Unpressurized alcohol stoves are not suitable for melting snow. That is one of the most common statements one can find from a countless number of camping stove reviews.
Well, I happen to have a Mini Trangia, I don’t have funds to get any nuclear powered wonder devices, and where I hike, the most convenient way to get water, about six to seven months of the year, is to melt some snow. Therefore, I absolutely had to test whether my poor little Trangia really is useless for melting the snow.
The test conditions were not very wintery, only -8.2 C below freezing, but on the coolish side anyway, and enough snow to perform the test. (I’ll repeat the test in colder conditions as soon as it gets cold, however, the weather forecast for the next 15 days is somewhat summery, from +1 to -5 C, so this is the best I can do right now).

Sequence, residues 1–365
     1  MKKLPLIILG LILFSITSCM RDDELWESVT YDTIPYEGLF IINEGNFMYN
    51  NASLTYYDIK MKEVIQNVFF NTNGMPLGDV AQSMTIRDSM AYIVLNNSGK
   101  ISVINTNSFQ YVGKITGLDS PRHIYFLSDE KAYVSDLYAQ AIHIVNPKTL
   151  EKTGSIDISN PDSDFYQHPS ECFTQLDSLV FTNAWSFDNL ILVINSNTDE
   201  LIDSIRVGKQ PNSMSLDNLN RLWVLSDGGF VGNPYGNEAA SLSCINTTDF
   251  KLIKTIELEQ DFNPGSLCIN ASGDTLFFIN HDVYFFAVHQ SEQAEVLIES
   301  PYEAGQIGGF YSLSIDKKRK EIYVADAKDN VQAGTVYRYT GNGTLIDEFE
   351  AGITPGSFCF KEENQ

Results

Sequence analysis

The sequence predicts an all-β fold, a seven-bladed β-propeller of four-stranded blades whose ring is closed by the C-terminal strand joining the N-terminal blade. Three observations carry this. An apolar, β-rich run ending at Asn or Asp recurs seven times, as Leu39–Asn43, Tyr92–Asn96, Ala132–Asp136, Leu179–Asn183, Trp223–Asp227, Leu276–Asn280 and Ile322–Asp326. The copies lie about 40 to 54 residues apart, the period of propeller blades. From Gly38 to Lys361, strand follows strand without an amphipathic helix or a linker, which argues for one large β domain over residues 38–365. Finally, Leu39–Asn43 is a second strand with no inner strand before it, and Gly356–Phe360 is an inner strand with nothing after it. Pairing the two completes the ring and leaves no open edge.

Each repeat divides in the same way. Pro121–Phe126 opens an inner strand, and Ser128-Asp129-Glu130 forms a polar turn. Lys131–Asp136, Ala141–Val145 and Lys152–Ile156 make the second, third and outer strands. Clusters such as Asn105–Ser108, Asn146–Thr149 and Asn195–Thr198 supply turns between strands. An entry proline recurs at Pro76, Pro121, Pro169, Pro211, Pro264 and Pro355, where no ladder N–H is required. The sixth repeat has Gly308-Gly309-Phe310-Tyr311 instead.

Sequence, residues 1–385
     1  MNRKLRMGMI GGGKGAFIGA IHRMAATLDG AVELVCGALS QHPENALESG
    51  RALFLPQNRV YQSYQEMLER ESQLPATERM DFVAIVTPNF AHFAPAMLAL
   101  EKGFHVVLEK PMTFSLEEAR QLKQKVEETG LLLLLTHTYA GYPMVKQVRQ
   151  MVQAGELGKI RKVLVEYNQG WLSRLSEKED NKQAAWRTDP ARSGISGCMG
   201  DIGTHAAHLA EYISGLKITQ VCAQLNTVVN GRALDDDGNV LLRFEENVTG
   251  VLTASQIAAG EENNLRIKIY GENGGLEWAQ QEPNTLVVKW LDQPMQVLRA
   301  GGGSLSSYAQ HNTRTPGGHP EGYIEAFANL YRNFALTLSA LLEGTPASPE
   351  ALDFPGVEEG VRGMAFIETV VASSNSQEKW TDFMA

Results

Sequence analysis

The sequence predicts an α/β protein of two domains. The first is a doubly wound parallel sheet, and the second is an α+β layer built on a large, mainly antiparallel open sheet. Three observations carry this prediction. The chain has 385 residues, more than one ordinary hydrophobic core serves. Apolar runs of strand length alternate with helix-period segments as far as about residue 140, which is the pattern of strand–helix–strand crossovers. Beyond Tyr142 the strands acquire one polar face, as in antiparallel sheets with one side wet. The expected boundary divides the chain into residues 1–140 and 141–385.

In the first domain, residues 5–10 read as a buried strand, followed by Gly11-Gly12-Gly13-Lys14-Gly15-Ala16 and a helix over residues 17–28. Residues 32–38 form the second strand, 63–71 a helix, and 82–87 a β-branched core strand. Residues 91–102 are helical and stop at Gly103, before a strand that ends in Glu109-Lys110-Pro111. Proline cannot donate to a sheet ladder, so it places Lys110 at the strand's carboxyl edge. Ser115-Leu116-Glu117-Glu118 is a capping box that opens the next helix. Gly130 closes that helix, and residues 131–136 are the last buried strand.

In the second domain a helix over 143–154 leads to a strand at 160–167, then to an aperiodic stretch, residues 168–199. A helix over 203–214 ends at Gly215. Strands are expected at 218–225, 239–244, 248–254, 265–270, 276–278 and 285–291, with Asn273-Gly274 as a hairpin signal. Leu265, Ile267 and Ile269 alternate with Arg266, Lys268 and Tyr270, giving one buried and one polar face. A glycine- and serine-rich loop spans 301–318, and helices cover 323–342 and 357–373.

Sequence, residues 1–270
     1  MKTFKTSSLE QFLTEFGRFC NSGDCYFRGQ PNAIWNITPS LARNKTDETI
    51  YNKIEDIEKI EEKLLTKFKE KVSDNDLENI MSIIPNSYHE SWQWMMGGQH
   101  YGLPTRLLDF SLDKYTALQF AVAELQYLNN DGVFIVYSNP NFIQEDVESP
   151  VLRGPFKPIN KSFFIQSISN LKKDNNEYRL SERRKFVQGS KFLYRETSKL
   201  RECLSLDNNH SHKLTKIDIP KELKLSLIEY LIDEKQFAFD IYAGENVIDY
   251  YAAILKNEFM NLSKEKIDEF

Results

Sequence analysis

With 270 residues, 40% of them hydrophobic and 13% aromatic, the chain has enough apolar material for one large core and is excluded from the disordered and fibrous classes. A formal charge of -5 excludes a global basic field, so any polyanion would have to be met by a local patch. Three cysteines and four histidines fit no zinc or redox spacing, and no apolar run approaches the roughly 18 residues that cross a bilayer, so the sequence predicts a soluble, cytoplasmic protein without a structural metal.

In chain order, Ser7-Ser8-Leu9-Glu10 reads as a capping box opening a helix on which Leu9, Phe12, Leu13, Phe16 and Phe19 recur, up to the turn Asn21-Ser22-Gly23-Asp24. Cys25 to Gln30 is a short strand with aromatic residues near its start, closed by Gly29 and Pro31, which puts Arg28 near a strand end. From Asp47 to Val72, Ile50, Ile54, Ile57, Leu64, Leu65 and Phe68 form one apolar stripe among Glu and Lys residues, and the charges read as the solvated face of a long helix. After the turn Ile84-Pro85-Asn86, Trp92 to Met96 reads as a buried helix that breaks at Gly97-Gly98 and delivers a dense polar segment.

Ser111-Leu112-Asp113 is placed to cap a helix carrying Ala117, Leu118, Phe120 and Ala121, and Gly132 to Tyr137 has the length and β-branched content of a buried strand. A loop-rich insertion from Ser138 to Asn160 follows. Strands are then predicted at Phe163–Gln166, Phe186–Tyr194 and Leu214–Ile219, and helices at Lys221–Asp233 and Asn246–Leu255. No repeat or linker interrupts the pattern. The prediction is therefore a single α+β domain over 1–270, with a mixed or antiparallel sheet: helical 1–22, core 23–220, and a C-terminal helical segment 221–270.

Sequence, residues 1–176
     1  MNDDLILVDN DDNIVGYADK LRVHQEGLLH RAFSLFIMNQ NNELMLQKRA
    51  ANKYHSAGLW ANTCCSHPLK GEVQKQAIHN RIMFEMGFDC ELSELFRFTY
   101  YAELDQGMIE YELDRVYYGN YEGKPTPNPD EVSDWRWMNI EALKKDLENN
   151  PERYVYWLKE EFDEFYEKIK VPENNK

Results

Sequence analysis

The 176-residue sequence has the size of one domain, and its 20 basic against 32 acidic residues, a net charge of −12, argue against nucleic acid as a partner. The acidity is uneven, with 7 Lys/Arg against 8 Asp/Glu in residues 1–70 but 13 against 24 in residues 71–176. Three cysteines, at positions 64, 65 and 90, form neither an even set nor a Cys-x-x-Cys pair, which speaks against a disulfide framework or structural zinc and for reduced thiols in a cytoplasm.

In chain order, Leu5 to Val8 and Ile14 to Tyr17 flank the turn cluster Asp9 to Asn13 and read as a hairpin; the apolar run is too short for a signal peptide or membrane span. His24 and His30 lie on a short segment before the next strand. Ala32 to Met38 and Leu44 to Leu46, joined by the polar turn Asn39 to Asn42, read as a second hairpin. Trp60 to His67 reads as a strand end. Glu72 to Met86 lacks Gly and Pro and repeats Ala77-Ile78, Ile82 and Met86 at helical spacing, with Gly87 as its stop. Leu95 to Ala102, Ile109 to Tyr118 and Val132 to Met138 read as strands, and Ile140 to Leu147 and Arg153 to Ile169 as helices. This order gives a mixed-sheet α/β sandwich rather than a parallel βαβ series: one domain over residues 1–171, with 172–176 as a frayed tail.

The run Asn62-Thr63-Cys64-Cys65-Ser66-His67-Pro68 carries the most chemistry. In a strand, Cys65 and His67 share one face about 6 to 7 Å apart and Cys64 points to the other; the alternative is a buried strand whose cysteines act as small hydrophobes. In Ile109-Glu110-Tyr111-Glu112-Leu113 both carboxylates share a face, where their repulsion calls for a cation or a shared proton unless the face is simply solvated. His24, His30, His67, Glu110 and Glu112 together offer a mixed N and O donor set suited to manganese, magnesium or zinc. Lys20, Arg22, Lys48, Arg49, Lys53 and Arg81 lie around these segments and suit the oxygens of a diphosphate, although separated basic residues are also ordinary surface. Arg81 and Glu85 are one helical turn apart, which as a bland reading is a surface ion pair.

Alcohol is a bit tricky fuel in cold environment, therefore, I used my home made winterizer for the Mini Trangia in my test. With the winterizer, the fire was easy to light up. Then I loaded the mini Trangia 800 ml pot with fresh snow, and started cooking, or melting in this case. I kept filling up the pot with more snow till I had 500 ml of water. To get half a liter of water from snow, in -8.2 C temperature, took 6 minutes and 30 seconds, which, in my opinion, is not bad. Then I placed the lid on top of the pot and continued cooking. 8 minutes and 38 seconds later, I had 500 ml of boiling water, not bad either.
Total time from snow to boiling was 15 minutes and 8 seconds, which is not lightning fast, but, again in my opinion, not ridiculously slow either. I have had slower boiling times in the middle of the summer (
Of course, most of the multifuel burners, and some gas burners are a lot quicker, but, based on my test, announcing that one cannot melt snow with unpressurized alcohol stove, is wrong.
In -8.2 C, melting snow with the Mini Trangia is absolutely possible, and not even that slow.
Longer report of the Mini Trangia’s behavior in various conditions will be published in the near future.